An interesting article in the nytimes:
“On psychedelics,” Halpern says, “you have an experience in which you feel there is something you are a part of, something else is out there that’s bigger than you, that there is a dazzling unity you belong to, that love is possible and all these realizations are imbued with deep meaning. I’m telling you that you’re not going to forget that six months from now. The experience gives you, just when you’re on the edge of death, hope for something more”
Dr. John Halpern, head of the Laboratory for Integrative Psychiatry at McLean Hospital in Belmont Mass., a psychiatric training hospital for Harvard Medical School
Not that, I, personally am at the edge of death. However, illness makes you think about mortality. And in our society, mortality is spoken in whispers. We are brainwashed to believe we can have it all- lots of money, great food, great sex, never-ending happiness, the white picket fence, the fast car, the clothes- and get it now! Death? That is something distant, something that happens to other people. I’m not purporting the use of drugs as the only way to answer existential questions; there are numerous other avenues including meditation, yoga, etc. However, not having a practice that allows a person to thoroughly explore end-of-life issues is a big problem in our society. The consequences include painfully prolonged end-of-life interventions that, oftentimes, do not increase the quality of life for patients. I’m not saying everyone should be DNR when they enter a hospital. I’m just saying the sooner we face the inevitability of our own death and speak freely about it without the risk of sounding “depressing”, the better for us all.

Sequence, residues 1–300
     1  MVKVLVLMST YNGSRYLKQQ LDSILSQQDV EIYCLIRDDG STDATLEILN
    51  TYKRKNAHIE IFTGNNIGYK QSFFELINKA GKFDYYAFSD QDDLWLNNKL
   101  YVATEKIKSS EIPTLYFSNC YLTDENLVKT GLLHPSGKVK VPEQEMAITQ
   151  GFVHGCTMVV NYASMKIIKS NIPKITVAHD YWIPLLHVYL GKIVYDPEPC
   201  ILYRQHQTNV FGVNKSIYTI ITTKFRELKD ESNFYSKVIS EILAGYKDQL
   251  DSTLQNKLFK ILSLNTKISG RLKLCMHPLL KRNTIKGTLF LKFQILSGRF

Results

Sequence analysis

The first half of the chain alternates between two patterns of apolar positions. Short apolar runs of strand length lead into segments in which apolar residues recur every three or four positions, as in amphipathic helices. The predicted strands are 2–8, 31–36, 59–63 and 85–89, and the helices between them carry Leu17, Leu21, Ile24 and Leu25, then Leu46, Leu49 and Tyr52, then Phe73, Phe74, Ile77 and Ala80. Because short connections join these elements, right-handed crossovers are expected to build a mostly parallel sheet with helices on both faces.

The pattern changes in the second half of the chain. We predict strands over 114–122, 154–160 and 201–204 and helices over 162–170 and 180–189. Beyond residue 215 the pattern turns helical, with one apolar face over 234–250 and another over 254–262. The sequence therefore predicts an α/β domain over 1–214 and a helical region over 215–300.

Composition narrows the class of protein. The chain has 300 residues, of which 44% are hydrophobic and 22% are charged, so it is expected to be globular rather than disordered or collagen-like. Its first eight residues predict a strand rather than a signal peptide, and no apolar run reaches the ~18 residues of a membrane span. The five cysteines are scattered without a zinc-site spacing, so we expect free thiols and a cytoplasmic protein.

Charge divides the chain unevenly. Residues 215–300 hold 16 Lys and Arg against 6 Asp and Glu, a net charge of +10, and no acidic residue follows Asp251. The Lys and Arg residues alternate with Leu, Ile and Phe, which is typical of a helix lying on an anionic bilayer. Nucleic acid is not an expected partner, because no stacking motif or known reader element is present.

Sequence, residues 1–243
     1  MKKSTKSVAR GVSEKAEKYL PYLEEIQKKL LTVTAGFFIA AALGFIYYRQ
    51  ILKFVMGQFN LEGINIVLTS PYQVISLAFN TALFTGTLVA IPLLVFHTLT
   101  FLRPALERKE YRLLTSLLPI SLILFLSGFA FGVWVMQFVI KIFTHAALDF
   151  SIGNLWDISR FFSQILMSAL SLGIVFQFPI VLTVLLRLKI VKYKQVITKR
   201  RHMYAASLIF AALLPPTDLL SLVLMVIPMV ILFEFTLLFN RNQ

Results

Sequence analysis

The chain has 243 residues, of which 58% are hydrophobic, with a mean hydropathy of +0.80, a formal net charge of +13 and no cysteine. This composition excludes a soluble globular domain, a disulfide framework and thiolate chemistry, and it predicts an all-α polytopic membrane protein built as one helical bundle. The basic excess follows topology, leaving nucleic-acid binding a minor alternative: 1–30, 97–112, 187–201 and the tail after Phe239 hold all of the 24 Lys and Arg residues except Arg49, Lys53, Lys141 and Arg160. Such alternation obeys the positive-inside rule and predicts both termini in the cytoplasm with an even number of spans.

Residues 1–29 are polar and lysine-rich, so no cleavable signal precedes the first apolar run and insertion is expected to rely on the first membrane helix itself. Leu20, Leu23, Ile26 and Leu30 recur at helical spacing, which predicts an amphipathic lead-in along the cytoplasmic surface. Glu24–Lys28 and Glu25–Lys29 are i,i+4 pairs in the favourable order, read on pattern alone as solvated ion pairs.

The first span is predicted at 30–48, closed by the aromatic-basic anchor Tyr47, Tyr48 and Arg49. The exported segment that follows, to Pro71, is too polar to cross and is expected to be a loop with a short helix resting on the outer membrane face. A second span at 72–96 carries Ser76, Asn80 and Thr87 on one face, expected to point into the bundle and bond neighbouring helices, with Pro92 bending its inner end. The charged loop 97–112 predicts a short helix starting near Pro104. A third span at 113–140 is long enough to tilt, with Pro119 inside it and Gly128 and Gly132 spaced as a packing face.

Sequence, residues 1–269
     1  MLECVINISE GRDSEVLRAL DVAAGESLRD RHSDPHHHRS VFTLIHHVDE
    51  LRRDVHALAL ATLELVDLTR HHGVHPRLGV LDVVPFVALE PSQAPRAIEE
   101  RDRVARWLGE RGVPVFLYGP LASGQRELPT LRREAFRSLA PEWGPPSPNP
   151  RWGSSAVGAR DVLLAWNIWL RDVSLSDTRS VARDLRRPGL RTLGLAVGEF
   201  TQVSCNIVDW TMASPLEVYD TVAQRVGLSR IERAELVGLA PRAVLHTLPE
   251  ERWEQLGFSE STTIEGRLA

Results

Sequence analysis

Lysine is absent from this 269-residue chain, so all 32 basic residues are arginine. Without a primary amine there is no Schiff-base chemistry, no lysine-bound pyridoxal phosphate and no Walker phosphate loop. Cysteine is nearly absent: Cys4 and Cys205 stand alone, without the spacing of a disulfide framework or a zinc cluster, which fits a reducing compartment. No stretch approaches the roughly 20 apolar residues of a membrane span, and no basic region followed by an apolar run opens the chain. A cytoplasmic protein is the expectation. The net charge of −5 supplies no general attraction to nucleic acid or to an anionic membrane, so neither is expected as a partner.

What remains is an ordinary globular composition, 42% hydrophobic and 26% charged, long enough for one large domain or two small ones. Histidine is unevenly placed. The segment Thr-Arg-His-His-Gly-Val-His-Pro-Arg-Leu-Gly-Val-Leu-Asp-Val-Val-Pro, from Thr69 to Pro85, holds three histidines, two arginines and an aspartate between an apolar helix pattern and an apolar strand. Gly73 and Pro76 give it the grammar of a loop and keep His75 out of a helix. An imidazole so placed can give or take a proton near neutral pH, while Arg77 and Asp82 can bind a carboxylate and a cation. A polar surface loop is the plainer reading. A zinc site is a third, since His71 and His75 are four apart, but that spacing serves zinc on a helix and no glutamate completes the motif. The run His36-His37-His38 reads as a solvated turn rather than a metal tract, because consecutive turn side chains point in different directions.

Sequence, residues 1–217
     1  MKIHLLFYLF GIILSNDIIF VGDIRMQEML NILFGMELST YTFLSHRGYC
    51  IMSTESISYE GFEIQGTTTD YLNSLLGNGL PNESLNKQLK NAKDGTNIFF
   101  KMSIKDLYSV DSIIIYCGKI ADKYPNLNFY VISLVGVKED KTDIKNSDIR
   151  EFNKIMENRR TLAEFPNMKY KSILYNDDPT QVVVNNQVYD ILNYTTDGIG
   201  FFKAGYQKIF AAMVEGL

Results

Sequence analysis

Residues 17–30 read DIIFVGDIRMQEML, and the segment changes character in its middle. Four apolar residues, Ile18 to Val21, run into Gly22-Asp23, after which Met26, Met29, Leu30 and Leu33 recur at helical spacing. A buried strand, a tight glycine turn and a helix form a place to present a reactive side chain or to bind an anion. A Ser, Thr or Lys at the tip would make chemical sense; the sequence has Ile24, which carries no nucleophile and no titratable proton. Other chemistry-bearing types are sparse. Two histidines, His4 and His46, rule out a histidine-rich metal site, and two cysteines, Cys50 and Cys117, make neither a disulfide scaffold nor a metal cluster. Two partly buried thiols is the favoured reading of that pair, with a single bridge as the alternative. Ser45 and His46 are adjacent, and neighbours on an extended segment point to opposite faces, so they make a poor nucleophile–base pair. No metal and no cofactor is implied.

This is a very complicated subject with various aspects, but I suppose opening up the discussion is an important beginning.